As commodity prices rise over time, consumers are left with reduced purchasing power and a lower standard of living. As consumers spend a larger share of their money on groceries, filling up the gas tank, and heating their homes, they must inevitably spend less on other discretionary purchases.

  1. Investment Bubbles Popping and Valuation Levels Normalizing

When we talk about economic “bubbles,” we’re referring to situations where the price of a stock, bond, or another asset becomes fundamentally overvalued. The bubble asset’s values are based on speculative demand rather than the intrinsic value determined by cash flows, meaning the bubbles always eventually pop. In many cases, the pop is dramatic and causes prices to decline due to massive selloffs.

During 2022, stocks, bonds, cryptocurrencies, and real estate declined in price — in some cases significantly. While 2022 was a difficult year for many investors, we have good reasons to believe that U.S. stocks generally and U.S. tech stocks in particular remain significantly undervalued. Our expectation is that the S&P 500 Index is likely to generate flattish returns over the next decade as valuations gradually return to more normal levels.

In the coming decade, it is likely to be a stock picker’s market, not a passive investor’s market. We also think the coming decade will be one of underperformance by U.S. stocks as compared to foreign developed market stocks and emerging market stocks.

In summary, we are expecting persistently high inflation, persistently challenged financial markets, and a weaker dollar. Navigating this new environment as an investor is going to be much more challenging until some of these structural challenges are resolved.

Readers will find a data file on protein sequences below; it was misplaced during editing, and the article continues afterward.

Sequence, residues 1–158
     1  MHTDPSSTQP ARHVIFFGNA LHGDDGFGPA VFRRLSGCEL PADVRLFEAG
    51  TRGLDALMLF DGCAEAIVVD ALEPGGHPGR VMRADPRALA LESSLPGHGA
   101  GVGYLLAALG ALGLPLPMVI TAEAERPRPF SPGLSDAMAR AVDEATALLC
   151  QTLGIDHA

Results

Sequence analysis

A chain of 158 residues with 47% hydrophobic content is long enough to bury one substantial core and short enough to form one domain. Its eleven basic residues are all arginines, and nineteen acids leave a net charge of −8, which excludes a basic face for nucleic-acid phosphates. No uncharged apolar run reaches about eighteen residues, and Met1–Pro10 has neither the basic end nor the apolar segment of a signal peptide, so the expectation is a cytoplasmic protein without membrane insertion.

When to Get a New Financial Advisor

With all of these significant changes happening in the broader economy, it’s critical to work with a financial advisor who will actively take the time to understand the nuances of today’s financial landscape and adjust strategy accordingly. If you’re wondering when to change your investment strategythe answer is now.

For those people who are cutting their losses and moving forward with a new advisor or investment strategy guide, look for an advisor who does their own research to understand what is driving the economic and market fundamentals. Unfortunately, most advisors are asset gatherers who rely on index funds and index ETFs to generate a market return rather than doing their own research and investing in what will outperform in the environment we have described. The right advisor, on the other hand, will take it upon themself to understand what assets, such as cash and real estate, will or won’t perform in today’s environment and invest accordingly.

It’s better to work with an advisor who is actually an investment advisor in the real sense of the term and who can discuss the risks and opportunities that exist today which have not existed for multiple generations. Good advisors are astute investors who are also students of history. Advisors who don’t understand the history of long bond cycles or who cannot figure out what makes the current landscape different than the 2010s will likely fare poorly during the investment era ahead.

While no advisor has a crystal ball, a good advisor should be an active portfolio manager who understands the current set of macroeconomic risks, knows how to read and analyze a financial statement, and has the capability to value a company. An active advisor should bring the experience, prudence, and discipline necessary to help you navigate this distinctive, challenging financial climate. In summary, an advisor that is pursuing a passive index fund approach is probably not going to be helpful.

This article is prepared by Pekin Hardy Strauss, Inc. (“Pekin Hardy,” dba Pekin Hardy Strauss Wealth Management) for informational purposes only and is not intended as an offer or solicitation for business. The information and data in this article does not constitute legal, tax, accounting, investment, or other professional advice. The views expressed are those of the author(s) as of the date of publication of this article and are subject to change at any time due to changes in market or economic conditions. Pekin Hardy cannot assure that the strategies discussed herein will outperform any other investment strategy in the future.